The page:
Just as consumers in developing Southeast Asia grapple with the tug of war between traditional and modern cultures, companies face a similar challenge. Many have traditionally grown their businesses by focusing on affluent or upper-middle-class consumers in narrow urban corridors. Now, they must learn how to reach and appeal to a new group of consumers with distinctly different profiles, consumption habits and media behaviors.
Among the many changes: Southeast Asia’s middle class is far more dispersed than many business leaders realize. Increasingly, they reach across urban and rural settings. While much of the growth takes place in the capitals of Jakarta, Bangkok, Kuala Lumpur, Manila and Ho Chi Minh City, an equal number of households are joining the middle class from the region’s Tier-2 cities—places like Ambon and Samarinda in Indonesia, Chanthaburi and Lop Buri in Thailand, Imus and Santa Rosa in the Philippines, Can Tho and Thu Dau Mot in Vietnam, and Alor Setar and Kota Kinabalu in Malaysia.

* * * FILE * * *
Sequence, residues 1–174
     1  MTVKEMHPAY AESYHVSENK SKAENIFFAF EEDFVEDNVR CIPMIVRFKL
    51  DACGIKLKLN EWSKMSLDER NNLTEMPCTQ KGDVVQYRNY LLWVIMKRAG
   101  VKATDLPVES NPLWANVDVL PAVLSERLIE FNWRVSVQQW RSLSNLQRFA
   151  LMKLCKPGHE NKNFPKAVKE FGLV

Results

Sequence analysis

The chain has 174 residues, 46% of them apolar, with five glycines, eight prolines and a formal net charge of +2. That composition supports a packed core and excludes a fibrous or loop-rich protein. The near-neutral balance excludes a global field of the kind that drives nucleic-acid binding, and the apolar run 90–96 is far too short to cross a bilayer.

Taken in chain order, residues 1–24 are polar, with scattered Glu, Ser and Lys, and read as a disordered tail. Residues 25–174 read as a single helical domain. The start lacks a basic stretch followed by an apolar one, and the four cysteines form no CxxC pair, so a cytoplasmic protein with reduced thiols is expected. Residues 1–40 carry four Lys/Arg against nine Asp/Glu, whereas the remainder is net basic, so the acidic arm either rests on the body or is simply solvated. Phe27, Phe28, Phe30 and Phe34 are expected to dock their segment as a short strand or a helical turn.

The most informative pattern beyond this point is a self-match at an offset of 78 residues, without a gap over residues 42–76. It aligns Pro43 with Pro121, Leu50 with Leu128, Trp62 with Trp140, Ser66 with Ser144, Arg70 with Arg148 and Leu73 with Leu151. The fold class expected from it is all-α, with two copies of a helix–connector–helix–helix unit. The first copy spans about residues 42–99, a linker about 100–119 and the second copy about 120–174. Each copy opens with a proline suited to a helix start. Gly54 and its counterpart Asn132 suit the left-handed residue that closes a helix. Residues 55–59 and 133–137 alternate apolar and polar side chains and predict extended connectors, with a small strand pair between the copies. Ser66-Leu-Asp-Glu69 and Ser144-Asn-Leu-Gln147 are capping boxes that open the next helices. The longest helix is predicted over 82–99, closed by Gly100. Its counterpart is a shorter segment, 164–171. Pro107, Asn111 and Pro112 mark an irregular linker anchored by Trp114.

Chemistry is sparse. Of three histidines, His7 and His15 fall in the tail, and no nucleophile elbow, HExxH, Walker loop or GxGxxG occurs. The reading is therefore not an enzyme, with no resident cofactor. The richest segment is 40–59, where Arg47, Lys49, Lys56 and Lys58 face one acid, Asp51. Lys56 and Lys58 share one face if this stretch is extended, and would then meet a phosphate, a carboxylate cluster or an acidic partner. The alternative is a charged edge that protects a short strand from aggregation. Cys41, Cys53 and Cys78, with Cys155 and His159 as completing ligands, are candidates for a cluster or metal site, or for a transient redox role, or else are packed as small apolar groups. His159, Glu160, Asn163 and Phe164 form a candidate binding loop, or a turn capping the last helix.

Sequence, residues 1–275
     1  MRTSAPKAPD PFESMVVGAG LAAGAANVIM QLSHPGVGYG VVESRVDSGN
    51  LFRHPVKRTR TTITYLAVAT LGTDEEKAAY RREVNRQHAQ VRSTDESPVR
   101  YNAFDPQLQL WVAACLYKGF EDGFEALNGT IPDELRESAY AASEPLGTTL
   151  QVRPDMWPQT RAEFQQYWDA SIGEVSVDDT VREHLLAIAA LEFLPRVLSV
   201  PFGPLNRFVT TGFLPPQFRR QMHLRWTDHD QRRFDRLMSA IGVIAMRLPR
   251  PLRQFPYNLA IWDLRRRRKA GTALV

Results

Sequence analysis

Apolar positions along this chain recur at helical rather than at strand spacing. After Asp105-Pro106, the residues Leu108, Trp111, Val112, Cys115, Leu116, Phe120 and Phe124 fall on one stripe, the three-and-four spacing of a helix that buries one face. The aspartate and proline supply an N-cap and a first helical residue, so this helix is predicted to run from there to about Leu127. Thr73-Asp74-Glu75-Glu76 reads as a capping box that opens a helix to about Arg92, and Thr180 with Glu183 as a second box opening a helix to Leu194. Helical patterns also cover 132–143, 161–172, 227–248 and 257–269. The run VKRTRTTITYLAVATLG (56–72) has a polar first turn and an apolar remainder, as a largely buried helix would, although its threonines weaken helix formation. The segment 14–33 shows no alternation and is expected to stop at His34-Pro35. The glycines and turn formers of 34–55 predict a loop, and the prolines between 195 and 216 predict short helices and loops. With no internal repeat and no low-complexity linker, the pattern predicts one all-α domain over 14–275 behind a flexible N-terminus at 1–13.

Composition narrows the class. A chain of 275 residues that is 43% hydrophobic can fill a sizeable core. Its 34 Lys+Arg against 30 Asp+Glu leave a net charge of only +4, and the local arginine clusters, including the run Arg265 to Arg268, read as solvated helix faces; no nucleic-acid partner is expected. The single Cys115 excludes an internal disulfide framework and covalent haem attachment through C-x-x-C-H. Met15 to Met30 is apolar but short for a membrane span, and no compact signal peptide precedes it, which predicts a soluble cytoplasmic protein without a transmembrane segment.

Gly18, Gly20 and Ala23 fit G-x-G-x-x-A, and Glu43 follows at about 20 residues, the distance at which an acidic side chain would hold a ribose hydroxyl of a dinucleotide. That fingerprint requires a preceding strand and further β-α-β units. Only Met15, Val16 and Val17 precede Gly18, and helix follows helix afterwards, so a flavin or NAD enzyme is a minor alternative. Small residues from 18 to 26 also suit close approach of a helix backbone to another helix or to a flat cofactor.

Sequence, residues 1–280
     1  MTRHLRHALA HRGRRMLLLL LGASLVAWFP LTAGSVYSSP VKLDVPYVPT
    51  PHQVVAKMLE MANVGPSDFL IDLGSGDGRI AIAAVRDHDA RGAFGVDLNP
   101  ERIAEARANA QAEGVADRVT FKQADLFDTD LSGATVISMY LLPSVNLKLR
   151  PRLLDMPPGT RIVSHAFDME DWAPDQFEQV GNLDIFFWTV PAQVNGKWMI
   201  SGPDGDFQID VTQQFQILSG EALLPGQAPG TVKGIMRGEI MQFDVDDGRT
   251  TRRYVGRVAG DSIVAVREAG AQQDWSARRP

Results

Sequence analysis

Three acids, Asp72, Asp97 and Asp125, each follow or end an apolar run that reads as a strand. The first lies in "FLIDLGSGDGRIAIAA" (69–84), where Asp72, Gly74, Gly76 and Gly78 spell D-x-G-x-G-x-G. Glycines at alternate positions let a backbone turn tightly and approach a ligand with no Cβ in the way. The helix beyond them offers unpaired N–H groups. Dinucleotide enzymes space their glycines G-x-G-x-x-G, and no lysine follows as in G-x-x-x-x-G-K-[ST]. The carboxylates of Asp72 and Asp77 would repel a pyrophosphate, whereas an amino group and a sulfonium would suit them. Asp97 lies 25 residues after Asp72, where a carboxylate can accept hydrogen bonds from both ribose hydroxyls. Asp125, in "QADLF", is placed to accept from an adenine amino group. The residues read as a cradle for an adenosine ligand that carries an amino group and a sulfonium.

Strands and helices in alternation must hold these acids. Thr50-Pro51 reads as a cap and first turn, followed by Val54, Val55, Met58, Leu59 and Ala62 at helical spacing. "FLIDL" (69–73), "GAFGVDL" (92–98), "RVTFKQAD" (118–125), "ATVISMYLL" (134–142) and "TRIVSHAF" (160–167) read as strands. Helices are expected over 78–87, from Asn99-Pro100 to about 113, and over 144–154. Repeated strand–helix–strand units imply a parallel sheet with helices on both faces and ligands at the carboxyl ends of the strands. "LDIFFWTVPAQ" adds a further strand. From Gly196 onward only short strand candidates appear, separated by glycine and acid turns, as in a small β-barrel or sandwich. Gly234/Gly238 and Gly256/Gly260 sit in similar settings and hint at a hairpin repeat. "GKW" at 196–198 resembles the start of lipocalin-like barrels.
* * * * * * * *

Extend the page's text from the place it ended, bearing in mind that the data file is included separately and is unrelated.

Moreover, many executives still hold notions that this segment comprises unsophisticated consumers who are highly cost-driven, shop primarily in traditional channels and favor inexpensive sachet packages designed for low-income shoppers. They see them as primarily influenced by word of mouth, or by TV and other traditional channels of communication. The reality is that the digital era has brought with it not only a change in consumption behavior but new and evolving influences. These and other misconceptions create challenges for companies hoping to grow along with Southeast Asia’s rising middle class.